Should be able to passively use the Earth gravity field with the right configuration - simplest of which appears to be Tesla's radiant energy receivers.  Who would have thought...

Offline gravityblock

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Re: Faraday's Paradox experiment
« Reply #85 on: November 01, 2009, 08:05:59 PM »
In order order to have an electric field, the charges must be separated on the disc.  The electric field has a force in one direction.  This is the electromotive force (EMF).  The electric field is static, since it has nowhere to go.

Having relative motion between the disc and external circuit is what creates the potential difference to have a voltage for current to flow.  This allows the electric field to move, since there is a return path due to the relative motion.  The angular velocity through the magnetic field is what separates the charges to create an EMF.  The difference in the angular velocity between the axis and rim does not create the potential difference between the axis and rim.  It is the relative motion between the disc and external circuit that creates the potential difference between the axis/rim of the disc and rim/axis of the external circuit.  It takes two EMF's opposite in polarity to have a voltage potential.

You're volt meter will say it has a potential voltage between the center and outer edges, but your volt meter is then providing the relative motion in order to have a voltage potential.

The EMF and the voltage are not the same thing.  The voltage is always equal and opposite in direction or polarity to the EMF.  Without the voltage, the EMF can't move those charges due to no return path, thus it remains a static electric field.


GB


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Re: Faraday's Paradox experiment
« Reply #85 on: November 01, 2009, 08:05:59 PM »
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Offline gravityblock

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Re: Faraday's Paradox experiment
« Reply #86 on: November 01, 2009, 08:35:23 PM »
@BEP:

What if we had an inner wheel and an outer wheel.  A wheel inside a wheel.  The inner wheel will rotate and the outer wheel will remain stationary.  There will be relative motion between the inner and outer wheels.  There will be a difference in angular velocity between the axis/rim of the inner wheel and the rim/axis of the outer wheel.  Connect a wire from the rim of the outer wheel to the axis of the inner wheel with a brush.  We'll also need a wire connecting the outer wheel to the inner wheel.

This is half baked, but I understand what you mean by the angular velocity between the axis and rim.  It does play a role.  I'll try to draw an illustration.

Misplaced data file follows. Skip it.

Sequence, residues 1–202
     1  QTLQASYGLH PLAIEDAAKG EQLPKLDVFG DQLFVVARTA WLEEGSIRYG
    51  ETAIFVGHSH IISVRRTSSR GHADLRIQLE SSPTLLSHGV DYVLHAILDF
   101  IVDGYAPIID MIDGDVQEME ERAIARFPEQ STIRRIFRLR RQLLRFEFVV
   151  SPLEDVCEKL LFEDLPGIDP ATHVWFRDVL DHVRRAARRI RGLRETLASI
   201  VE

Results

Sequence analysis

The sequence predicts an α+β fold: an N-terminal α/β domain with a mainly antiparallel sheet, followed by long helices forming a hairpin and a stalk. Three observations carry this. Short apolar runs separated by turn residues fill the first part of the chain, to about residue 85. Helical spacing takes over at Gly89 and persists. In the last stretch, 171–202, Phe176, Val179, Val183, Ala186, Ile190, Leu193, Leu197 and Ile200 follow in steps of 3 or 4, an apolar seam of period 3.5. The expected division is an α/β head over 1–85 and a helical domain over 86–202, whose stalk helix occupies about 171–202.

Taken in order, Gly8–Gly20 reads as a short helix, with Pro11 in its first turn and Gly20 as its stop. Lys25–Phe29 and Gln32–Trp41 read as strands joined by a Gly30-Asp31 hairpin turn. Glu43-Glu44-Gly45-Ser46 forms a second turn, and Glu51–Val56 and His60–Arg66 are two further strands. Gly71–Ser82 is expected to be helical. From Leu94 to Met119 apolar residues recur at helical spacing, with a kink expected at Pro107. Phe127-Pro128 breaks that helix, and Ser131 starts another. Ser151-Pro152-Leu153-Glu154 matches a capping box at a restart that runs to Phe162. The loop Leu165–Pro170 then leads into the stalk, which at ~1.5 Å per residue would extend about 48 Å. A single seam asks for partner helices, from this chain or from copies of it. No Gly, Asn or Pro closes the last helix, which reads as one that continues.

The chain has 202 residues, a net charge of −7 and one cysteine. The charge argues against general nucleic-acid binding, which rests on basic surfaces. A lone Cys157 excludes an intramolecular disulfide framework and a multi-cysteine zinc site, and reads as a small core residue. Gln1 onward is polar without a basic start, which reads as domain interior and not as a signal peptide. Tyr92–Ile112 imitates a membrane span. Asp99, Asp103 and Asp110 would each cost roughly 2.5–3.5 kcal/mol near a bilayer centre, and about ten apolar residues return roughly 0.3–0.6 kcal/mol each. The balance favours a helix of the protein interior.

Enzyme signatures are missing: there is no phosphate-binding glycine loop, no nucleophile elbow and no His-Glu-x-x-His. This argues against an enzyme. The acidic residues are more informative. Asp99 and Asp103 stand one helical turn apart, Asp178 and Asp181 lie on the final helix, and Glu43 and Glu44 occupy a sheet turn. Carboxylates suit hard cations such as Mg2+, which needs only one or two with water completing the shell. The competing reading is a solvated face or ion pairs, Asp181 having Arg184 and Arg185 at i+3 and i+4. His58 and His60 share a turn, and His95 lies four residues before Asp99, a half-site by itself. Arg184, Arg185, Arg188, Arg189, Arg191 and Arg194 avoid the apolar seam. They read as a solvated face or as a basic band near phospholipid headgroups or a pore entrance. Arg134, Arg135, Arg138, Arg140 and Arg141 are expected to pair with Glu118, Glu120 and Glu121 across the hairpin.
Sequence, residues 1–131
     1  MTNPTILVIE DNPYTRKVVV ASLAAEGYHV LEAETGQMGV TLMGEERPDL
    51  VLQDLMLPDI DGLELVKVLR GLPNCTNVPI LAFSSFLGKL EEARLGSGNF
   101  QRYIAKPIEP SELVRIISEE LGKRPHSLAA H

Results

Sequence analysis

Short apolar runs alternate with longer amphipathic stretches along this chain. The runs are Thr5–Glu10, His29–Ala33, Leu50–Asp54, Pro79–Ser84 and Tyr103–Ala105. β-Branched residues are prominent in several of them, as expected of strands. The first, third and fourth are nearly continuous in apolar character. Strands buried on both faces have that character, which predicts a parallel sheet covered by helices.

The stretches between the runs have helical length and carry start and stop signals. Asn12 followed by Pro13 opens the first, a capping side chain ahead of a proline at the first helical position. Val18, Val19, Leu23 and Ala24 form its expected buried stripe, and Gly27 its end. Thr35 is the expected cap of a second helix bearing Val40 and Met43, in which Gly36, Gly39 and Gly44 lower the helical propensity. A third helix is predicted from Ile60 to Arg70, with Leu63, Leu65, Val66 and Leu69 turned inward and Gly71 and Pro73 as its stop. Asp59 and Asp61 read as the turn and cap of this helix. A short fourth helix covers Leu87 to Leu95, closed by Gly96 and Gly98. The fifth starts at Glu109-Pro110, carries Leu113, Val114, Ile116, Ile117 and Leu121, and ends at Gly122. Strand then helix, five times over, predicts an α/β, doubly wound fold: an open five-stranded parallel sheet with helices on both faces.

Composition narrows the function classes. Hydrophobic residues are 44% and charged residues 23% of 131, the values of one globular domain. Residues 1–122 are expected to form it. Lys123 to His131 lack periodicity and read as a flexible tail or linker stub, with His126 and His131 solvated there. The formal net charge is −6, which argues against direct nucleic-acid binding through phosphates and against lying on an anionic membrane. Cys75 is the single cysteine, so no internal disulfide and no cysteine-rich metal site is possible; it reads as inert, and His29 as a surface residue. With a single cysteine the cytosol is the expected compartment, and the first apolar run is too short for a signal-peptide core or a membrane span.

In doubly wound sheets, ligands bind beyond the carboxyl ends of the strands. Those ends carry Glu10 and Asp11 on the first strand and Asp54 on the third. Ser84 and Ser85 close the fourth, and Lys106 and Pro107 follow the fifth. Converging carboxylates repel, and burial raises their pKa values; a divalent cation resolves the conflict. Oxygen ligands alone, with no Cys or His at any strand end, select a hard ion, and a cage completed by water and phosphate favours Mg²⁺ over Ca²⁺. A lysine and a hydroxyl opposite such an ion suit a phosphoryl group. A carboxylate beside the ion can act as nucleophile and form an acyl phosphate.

Offline gravityblock

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Re: Faraday's Paradox experiment
« Reply #87 on: November 01, 2009, 10:35:09 PM »
The red disc will be rotating through the North Pole.  Charges will be separated on the red disc and will flow from the center of the red disc to the outer edges of the red disc due to the angular velocity between the axis and rim of the red disc.

The separated charges will now drift from the inner edges of the stationary blue disc to the outer edges of the blue disc due to particle drift caused by the EMF of the red disc.  There is no angular velocity between the axis and rim of the blue disc, since it is stationary.

The charges will then move from the outer edges of the stationary blue disc to the center edges of the red disc due to relative motion between the center of the red disc and the outer edges of the blue disc (There is relative motion between the inner and outer discs).

It's not motionless, but we are now only rotating the smaller inner disc while everything else remains stationary.  It should produce the same output power as a conventional HPG without the counter torque.  A stationary ring magnet would be good for this system.  A wheel inside a wheel, and the wheel didn't move (Ezekiel's Wheel).
« Last Edit: November 02, 2009, 01:07:04 AM by gravityblock »

Offline gravityblock

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Re: Faraday's Paradox experiment
« Reply #88 on: November 03, 2009, 05:13:38 AM »
The blue stationary disc is just part of the stationary external circuit.  The magnetic field over the blue disc is there to cause the particle drift from the electric field of the red disc with less energy input requirements.  This will increase the voltage in the system due to moving through the magnetic field of the blue disc, and this increases the resistance in the system, thus an increase in voltage. 

The magnetic field over the blue disc is opposite in polarity to the red disc to avoid the counter torque.  If both discs had the same poles, then the counter torque would be there.

No comments on the illustration.  Guess that means it doesn't work.  Guess that means it can't be modified or built upon to work.  Guess I'm wasting my time.

GB

Offline Grumpy

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Re: Faraday's Paradox experiment
« Reply #89 on: November 03, 2009, 05:20:55 AM »
get rid of the disc and you have a TPU